Strengthen and streamline - Australia sets out plans to revamp its foreign investment regime

The Australian government has set out an ambitious plan to attract overseas investors with a proven track record whilst at the same time toughening up safeguards for investment seen as higher-risk. Treasury Minister Jim Chalmers says the moves will get capital flowing more quickly into the country whilst concentrating monitoring and enforcement effort on investments that have the potential to threaten the national interest.

Treasury Minister Jim Chalmers unveiled changes on 1 May 2024 which will be a key element of the forthcoming Future Made in Australia Act. He said the reforms will “make Australia a more attractive place to invest, boost economic prosperity and productivity, while strengthening our ability to protect the national interest in an increasingly complex economic and geostrategic environment”.

The federal government’s approach focuses on attracting investment in key areas outlined in a new paper Australia’s Foreign Investment Policy (the paper) being:

  • Helping to deliver the net zero transformation alongside domestic private and government capital.
  • Increasing Australia’s housing supply by supporting investment in new housing stock including through investment in Build-to-Rent developments.
  • Supporting the objectives of Australia’s Critical Minerals Strategy to grow the sector, create jobs, diversify global supply chains and help Australia become a renewable energy superpower, whilst contributing to global efforts to achieve net zero.
  • Harnessing the potential of critical technologies to encourage competition and diversify industries, helping Australian businesses commercialise new critical technology ideas.

Streamlined review for lower risk foreign investment

Investments in non-sensitive areas by passive investors and investors with a strong compliance record will benefit from a streamlined review process within the Foreign Investment Review Board (FIRB) framework.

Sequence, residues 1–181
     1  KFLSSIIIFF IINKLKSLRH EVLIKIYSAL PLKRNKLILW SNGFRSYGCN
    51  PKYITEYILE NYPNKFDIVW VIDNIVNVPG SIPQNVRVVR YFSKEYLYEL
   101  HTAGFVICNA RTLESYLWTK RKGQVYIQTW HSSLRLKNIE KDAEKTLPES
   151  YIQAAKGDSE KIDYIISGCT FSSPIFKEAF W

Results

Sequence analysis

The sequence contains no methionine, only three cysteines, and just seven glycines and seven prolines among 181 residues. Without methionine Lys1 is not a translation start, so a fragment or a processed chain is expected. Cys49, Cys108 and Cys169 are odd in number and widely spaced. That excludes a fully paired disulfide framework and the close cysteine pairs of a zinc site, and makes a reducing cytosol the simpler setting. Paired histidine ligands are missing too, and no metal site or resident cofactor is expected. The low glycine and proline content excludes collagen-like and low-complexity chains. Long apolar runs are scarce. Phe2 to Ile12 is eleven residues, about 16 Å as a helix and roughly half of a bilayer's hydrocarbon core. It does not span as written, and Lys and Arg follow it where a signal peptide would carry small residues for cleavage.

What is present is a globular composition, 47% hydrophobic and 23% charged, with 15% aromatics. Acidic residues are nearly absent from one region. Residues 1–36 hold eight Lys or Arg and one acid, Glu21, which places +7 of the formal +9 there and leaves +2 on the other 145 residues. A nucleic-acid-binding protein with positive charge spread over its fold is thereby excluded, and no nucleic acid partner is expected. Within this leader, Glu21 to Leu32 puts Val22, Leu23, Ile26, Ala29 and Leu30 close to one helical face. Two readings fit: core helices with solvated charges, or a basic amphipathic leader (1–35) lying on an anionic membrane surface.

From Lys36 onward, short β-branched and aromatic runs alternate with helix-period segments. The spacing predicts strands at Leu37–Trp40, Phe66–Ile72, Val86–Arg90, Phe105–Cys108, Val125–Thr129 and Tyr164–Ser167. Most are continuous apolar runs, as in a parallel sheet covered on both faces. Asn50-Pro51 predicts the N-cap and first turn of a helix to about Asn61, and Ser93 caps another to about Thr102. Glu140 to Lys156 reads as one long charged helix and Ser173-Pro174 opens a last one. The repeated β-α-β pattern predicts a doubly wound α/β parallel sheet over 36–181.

The Treasury will adopt a performance target of processing 50 per cent of investment proposals within the 30-day statutory declaration decision period as from 1 January 2025. The government says that most foreign investors will see an improvement in the speed of processing from 1 July 2024.

The paper says the new approach will be informed by consideration of the investor (who?), the target of their investment (what?) and the structure of the transaction (how?).

For example, listed under “who”, are investors with a strong track record of compliance with the foreign investment framework and other Australian laws and repeat investors well known to the Australian Treasury, investing alone and not in a consortium with unknown investors.

“What” means non-sensitive sectors including manufacturing, professional services, mining of non-critical materials, new housing and commercial real estate.

“How” encompasses transactions where the ownership structure is clear, including a clear explanation of who will ultimately control the assets, land or entity once the proposed transaction is completed.

As part of the efforts to support streamlining, foreign investors will be allowed to purchase established Build-to-Rent developments and lower application fees will apply to this type of investment (see Hogan Lovells alerter Navigating the Australia build-to-rent boom: opportunities for investors).

The significant application fees for foreign investments that do not go ahead because the investor is unsuccessful in a competitive bid process will be refunded to encourage early compliant engagement.